The Aunts' previous Wills had left their estates between their great-niece and great-nephew. The new Wills prepared by the solicitor included a gift of one-third of the entire estate to him, disinheriting the great-niece and great-nephew who challenged the Wills.
The Court ruled that the solicitor had not obtained full knowledge and approval when including the new clauses to the Wills. Their judgement also took in to consideration the fact that both ladies were in hospital at the time and had bad eyesight. There was also doubt as to whether or not they had capacity to provide such instructions.
As such, the Court reinstated the earlier Will. Unfortunately, the solicitor had already distributed one of the estates in full and had distributed most of the others' and he had also filed for bankruptcy. Indeed, when the solicitor drafted the Wills, he had also obtained powers of attorney from them and had removed monies, it is claimed, from their accounts as soon as he could under this power. Additionally, it was claimed that he raised dishonest invoices to obtain further funds from them.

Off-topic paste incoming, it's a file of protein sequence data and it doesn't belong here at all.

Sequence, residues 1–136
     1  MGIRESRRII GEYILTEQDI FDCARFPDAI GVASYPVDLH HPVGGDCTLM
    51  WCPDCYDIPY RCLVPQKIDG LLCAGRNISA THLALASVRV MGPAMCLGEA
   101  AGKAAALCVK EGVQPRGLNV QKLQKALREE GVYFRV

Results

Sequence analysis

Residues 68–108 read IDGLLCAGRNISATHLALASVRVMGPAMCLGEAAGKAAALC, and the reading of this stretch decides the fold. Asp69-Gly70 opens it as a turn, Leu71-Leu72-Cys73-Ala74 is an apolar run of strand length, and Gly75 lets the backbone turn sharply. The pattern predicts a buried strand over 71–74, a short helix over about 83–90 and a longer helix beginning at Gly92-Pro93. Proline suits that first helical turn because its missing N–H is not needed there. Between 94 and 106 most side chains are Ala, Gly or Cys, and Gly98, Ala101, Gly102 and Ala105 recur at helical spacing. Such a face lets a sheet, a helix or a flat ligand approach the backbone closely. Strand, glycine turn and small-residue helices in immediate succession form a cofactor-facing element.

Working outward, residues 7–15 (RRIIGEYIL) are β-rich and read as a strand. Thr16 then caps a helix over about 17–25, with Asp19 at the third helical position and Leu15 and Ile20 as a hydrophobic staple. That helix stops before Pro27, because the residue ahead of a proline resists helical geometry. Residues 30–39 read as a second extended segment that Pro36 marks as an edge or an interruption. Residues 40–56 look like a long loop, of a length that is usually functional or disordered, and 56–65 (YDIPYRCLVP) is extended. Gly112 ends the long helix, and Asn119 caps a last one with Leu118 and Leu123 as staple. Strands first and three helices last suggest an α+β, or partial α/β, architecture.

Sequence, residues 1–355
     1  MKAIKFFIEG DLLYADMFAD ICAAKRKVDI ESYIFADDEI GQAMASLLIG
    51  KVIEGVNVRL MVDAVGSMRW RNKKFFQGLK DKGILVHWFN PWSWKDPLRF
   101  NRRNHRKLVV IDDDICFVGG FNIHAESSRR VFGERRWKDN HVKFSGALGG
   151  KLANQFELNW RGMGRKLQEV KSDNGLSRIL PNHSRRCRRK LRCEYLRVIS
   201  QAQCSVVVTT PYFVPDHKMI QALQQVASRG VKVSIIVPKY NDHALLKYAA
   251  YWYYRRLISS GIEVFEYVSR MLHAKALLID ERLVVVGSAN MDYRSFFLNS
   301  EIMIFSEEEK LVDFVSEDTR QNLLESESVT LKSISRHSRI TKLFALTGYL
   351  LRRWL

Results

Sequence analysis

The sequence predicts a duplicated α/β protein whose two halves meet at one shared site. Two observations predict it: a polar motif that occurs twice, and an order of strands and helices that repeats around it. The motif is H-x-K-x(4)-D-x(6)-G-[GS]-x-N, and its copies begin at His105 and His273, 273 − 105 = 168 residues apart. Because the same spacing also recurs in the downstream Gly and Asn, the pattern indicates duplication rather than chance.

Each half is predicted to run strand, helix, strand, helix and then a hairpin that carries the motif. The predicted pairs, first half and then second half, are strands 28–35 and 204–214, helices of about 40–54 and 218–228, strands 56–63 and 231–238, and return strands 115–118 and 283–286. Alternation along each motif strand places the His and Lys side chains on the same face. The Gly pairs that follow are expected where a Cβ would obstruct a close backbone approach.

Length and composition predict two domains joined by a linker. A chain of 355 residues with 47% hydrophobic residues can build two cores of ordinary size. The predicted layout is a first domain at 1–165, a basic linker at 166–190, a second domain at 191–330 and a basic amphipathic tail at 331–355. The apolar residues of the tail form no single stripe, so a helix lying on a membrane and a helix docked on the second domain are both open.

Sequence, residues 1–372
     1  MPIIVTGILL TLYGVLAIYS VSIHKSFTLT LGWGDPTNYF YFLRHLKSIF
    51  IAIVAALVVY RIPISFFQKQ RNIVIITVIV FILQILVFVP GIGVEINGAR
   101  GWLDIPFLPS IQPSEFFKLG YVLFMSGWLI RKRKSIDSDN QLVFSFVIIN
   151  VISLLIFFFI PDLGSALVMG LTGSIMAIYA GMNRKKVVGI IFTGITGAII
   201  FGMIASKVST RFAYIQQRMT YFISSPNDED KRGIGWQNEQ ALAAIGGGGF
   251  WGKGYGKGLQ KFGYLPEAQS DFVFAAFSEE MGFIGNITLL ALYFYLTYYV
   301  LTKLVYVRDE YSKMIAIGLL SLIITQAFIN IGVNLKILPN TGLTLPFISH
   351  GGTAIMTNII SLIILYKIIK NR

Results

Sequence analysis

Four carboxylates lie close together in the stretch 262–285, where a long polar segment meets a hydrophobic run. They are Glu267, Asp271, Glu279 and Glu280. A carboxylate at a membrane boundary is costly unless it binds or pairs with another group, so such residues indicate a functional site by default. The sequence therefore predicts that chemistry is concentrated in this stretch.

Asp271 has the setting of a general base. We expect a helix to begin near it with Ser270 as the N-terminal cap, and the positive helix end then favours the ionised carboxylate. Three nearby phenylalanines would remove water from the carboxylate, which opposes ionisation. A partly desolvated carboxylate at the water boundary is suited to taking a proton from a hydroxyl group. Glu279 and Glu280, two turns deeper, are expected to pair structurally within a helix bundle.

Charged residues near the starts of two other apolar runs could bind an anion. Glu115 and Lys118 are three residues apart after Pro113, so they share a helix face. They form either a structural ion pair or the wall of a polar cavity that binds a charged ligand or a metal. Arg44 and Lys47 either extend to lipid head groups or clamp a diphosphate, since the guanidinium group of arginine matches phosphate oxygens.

As such, the Court referred the case to the Crown Prosecution Service and the solicitor has also been suspended from his profession.
The above is not legal advice; it is intended to provide information of general interest about current legal issues.